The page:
THE ROLLOUT of Universal Credit has seen a huge spike in mental health problems, new research shows.
A five-year-long look at the changes to the benefits system has shown to be linked with a six per cent increase in the chances of psychological distress compared to those who were in a job, the Lancet Public Health journal found.
A third of those involved may have become clinically depressed, it warned.
The flagship six-in-one system, which was launched in 2013, aimed to simplify the system, but it’s been beset by problems and is years behind schedule.
Dr Sophie Wickham from the University of Liverpool, UK, who led the research, warned that this could have a huge knock on effect on the health service.
She said: Our study supports growing calls for Universal Credit to be fundamentally modified to reduce these mental health harms.
“So far, the government has only looked at the impact of Universal Credit on the labour market, and there are no plans to assess its effect on health and wellbeing.
“With a further 5.5 million recipients of existing benefits expected to claim Universal Credit over the next few years, this expanding group may exacerbate pressures on already stretched mental health and social care services.”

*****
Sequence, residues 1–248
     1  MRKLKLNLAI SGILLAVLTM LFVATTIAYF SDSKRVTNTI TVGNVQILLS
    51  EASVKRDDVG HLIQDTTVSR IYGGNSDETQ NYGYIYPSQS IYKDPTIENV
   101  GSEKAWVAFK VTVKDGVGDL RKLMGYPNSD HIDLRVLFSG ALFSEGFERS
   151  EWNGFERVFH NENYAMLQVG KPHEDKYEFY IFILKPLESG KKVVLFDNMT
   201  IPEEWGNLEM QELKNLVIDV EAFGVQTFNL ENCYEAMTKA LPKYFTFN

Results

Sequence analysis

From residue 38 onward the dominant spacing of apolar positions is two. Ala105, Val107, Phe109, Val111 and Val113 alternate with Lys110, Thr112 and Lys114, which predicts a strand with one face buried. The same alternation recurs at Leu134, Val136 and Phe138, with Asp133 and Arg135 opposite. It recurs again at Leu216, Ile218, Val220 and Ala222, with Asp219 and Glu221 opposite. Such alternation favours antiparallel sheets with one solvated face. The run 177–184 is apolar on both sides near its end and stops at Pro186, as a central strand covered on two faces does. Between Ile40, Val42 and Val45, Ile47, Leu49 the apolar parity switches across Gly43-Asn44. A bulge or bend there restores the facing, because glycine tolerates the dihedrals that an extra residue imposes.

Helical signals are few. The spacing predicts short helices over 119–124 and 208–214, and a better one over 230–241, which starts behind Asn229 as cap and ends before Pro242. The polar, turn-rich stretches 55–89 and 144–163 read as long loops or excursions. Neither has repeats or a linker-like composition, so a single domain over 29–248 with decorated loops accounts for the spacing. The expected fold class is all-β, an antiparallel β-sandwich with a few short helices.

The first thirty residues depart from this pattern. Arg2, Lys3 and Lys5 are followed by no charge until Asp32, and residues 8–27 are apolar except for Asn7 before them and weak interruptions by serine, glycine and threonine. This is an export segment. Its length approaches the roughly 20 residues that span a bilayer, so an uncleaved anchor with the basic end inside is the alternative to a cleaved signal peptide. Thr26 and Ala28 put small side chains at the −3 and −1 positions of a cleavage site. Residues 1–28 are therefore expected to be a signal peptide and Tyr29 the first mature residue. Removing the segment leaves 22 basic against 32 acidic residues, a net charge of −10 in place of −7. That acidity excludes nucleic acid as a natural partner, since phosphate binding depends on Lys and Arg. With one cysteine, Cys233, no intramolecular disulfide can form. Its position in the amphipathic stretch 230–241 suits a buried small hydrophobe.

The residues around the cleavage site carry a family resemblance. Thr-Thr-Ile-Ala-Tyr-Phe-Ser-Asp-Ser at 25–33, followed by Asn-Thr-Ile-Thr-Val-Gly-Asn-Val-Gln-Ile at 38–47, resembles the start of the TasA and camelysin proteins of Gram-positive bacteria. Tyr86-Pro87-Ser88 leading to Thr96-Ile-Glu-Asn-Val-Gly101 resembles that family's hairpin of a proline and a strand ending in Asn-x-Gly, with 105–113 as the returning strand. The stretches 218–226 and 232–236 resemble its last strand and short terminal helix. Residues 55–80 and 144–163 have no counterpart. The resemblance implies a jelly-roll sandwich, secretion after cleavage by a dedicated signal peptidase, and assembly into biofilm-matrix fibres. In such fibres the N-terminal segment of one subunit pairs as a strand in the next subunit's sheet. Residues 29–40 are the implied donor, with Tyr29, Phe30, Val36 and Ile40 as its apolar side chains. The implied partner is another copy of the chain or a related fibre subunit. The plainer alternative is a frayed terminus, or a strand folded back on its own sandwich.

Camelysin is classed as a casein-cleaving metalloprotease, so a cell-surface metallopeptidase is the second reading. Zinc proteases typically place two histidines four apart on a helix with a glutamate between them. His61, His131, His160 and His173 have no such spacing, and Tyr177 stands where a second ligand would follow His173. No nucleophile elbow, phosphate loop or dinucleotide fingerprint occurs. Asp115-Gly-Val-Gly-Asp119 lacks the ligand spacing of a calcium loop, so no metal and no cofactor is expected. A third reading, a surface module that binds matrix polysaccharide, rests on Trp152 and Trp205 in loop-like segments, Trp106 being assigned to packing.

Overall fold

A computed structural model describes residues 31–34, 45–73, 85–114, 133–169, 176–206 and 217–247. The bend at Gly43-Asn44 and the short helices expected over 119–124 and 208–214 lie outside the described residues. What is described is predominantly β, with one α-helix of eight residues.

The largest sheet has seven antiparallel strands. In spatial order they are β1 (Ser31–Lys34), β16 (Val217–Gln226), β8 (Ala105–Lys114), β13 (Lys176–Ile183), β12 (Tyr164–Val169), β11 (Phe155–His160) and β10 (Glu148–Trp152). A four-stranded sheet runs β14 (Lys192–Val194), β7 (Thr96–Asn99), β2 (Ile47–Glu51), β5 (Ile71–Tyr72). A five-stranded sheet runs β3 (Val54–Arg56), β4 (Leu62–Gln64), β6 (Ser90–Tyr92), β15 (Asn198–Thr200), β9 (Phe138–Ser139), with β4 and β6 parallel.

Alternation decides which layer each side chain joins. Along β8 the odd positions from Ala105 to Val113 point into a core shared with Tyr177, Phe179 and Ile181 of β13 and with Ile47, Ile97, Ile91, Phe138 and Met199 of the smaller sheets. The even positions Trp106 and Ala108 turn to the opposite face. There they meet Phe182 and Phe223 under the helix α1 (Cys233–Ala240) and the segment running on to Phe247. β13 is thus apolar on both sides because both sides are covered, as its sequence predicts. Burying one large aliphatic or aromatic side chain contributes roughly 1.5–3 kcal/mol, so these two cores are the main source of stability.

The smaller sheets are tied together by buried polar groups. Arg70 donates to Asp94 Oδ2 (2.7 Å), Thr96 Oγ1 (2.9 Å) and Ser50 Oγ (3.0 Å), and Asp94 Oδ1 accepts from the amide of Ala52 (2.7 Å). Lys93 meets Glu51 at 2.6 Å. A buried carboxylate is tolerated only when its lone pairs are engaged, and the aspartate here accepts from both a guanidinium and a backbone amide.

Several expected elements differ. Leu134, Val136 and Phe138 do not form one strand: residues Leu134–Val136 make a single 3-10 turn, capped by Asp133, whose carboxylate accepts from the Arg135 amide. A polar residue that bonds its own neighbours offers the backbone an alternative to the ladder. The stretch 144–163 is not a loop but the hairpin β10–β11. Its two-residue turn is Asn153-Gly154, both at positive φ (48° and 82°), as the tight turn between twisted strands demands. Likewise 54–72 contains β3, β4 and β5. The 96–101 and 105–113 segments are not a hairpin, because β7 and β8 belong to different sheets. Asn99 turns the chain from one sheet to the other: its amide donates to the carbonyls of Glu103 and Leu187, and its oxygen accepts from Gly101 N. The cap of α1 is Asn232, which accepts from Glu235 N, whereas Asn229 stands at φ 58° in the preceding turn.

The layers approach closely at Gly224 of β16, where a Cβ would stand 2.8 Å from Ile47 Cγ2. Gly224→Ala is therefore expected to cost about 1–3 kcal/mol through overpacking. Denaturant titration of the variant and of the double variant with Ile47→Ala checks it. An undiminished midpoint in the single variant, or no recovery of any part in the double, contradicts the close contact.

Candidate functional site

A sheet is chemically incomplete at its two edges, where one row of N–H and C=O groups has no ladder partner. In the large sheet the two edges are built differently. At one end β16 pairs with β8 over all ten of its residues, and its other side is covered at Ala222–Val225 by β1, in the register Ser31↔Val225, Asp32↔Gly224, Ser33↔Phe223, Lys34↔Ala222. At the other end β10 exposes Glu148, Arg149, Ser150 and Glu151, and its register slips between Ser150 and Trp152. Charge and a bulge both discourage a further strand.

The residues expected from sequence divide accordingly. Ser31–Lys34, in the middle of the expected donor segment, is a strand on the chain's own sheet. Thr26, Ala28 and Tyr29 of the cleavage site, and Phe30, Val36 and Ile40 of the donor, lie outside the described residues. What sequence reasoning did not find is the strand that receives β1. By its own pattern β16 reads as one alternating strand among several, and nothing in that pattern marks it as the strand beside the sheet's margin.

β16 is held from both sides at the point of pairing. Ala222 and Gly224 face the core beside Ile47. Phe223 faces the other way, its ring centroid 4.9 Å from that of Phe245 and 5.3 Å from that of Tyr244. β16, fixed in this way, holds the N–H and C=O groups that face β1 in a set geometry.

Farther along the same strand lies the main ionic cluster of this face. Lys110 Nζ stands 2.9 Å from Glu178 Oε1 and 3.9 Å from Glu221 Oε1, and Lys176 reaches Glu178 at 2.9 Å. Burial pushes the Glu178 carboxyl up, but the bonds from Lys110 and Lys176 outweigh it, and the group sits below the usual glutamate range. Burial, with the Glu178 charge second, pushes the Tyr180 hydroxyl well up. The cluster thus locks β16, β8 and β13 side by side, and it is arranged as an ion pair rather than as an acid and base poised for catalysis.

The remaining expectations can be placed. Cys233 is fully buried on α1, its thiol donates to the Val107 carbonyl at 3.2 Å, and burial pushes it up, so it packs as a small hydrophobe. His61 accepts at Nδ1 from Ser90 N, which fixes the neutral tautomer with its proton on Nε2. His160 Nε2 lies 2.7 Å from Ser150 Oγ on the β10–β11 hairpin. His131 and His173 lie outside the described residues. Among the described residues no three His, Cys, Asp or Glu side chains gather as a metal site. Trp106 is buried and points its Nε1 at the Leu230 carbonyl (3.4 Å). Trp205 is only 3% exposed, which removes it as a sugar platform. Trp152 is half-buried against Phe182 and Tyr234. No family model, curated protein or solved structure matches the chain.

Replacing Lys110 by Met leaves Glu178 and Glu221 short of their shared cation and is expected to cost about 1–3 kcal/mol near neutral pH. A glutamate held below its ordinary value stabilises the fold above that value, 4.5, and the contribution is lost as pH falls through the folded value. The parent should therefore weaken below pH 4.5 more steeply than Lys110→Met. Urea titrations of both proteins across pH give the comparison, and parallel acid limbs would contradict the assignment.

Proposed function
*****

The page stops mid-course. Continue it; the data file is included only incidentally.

And Ayaz Manji, Senior Policy and Campaigns Officer at Mind, said: “Its wrong that the benefits system, which should support all of us who need it, is causing psychological distress among people who need support.
“We need to see radical solutions to ensure that the benefits system plays its part in helping people stay well.”
Labour’s shadow employment minister Mike Amebury said the system was deeply flawed.
He added: “Universal Credit is not working. Our social security system should have dignity and security at its heart and be there for any one of us when we need it.”
The landmark study is the first to look at the impact of Universal Credit on mental health.
It looked at data from nearly 200,000 interviews with 52,000 people of working age.
As part of HOAR’s Make Universal Credit Work campaign we have told how single parents have been left in tears over the five week wait.
One dad who was drowning in debt even took his own life after struggling on the benefits system.
A DWP spokesperson said of the report: “This research does not prove that people are experiencing distress due to the design of Universal Credit.
“People coming to the jobcentre are often doing so at a difficult time in their lives, and there is a range of support available for those with mental health conditions.
“We know that the vast majority of people on Universal Credit are satisfied with their experience.”
If you are affected by any of the issues raised in this article, please call the Samaritans on (free)116123